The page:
Debunking Bush's U.S. Trade Representative(USTR) Claims in Defense of NAFTA

From Public Citizen (3/27/08) :

Debunking USTR's Claims in Defense of NAFTA
The Real NAFTA Score in 2008

NAFTA is a hot-button issue in the 2008 races. Given polling shows that the vast majority of Americans think NAFTA was a damaging mistake, the George W. Bush administration and other defenders of the NAFTA status quo have been put on the defensive. In response, administration officials and pro-NAFTA pundits have gone into spin mode, recycling discredited claims about the pact, or suggesting that the facts are too complicated to make an assessment. Bush's U.S. Trade Representative (USTR) recently put out a set of talking points in this vein. But the USTR's claims are misleading, as GTW's new fact sheet shows.

Here are the summary points — see the full fact sheet for more in-depth details.

  • Bush Claim 1: "From 1993 to 2007, trade among the NAFTA nations more than tripled, from $297 billion to $930 billion."
    Fact: Increased trade flows can benefit an economy, as long as they do not lead to unsustainable deficits. The administration fails to note that much of the increased volume of trade under NAFTA was a massive surge in imports into the United States � resulting in a 691 percent increase in the U.S. NAFTA trade deficit, which puts the U.S. and North American economies at risk.
  • Bush Claim 2: "U.S. employment rose from 110.8 million people in 1993 to 137.6 million in 2007, an increase of 24 percent. The average unemployment rate was 5.1 percent in the period 1994-2007, compared to 7.1 percent during the period 1980-1993."
    Fact: Trade affects the composition of jobs, not the total number. Three million net U.S. manufacturing jobs were lost during NAFTA.
  • Bush Claim 3: "U.S. manufacturing output rose by 58 percent between 1993 and 2006, as compared to 42 percent between 1980 and 1993. Manufacturing exports in 2007 reached an all time high with a value of $982 billion."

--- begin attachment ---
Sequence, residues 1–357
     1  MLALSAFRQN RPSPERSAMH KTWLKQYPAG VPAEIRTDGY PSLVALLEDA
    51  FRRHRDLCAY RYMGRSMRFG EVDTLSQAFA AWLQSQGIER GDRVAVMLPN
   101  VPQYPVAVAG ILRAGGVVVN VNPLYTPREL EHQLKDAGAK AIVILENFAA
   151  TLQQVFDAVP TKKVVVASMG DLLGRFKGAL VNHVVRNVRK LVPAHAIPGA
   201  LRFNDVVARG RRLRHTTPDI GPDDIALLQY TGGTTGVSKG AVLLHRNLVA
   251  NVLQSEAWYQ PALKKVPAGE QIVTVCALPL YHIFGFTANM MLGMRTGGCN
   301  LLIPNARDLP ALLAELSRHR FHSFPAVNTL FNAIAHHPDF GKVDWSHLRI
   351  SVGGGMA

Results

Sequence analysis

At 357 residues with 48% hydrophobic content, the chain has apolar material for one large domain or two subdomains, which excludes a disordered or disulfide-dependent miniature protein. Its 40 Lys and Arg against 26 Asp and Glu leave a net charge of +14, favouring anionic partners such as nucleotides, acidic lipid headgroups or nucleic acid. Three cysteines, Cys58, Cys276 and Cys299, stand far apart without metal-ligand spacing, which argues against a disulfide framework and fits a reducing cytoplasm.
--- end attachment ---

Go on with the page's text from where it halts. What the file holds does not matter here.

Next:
Fact: The proper measure is U.S. manufacturing value-added � and that increased at the same rate before and after NAFTA. The misleading figure used by the Bush administration � manufacturing output � is large because it does not measure only U.S. manufacturing value-added, but includes the value of imported parts and inputs that contribute to the trade deficit.
  • Bush Claim 4: Rising wages over 1993-2007 relative to 1979-1993 show NAFTA's success.
    Fact: Actually, U.S. median wages in inflation-controlled terms have scarcely risen in a generation, in no small part thanks to "labor arbitrage" between U.S. workers and low wage workers offshore, and the replacement of higher paying manufacturing jobs with lower paying service sector jobs. The Bush administration has manipulated the time periods it is citing to find tiny wage gains that it can generalize to be "rising wages."
  • Bush Claim 5: The agricultural sector has benefited from NAFTA.
    Fact: Nearly 300,000 U.S. family farms were lost during the NAFTA era, while these farms' income shrunk 13 percent.
  • Bush Claim 6: Mexican wages have increased under NAFTA.
    Fact: Mexican wage growth has declined under NAFTA relative to Mexico's pre-neoliberal period.
  • Bush Claim 7: NAFTA has helped the environment by creating new environmental institutions that spent $3 billion on border clean-up.
    Fact: The funds spent on environmental clean up fall far short of what was needed � and even what was promised. Moreover, an array of environmental laws has been challenged under NAFTA, weakening and chilling environmental policy innovation.

CONCLUSION: Can we evaluate the promises on NAFTA? Yes, we can!

An army of think tanks and corporations spends millions every year in an attempt to muddle even the basic facts on NAFTA. We know that under NAFTA, the U.S. trade deficit is up, manufacturing jobs are down, wages are stagnant, Mexican immigration is up, Mexican growth is down, and policy space has been seriously limited. Bush administration officials and pundits can debate whether any of these facts matter, but they cannot make up their own facts, nor serve up irrelevant ones in the hope of distracting policymakers or the public from continuing to demand trade policy change.



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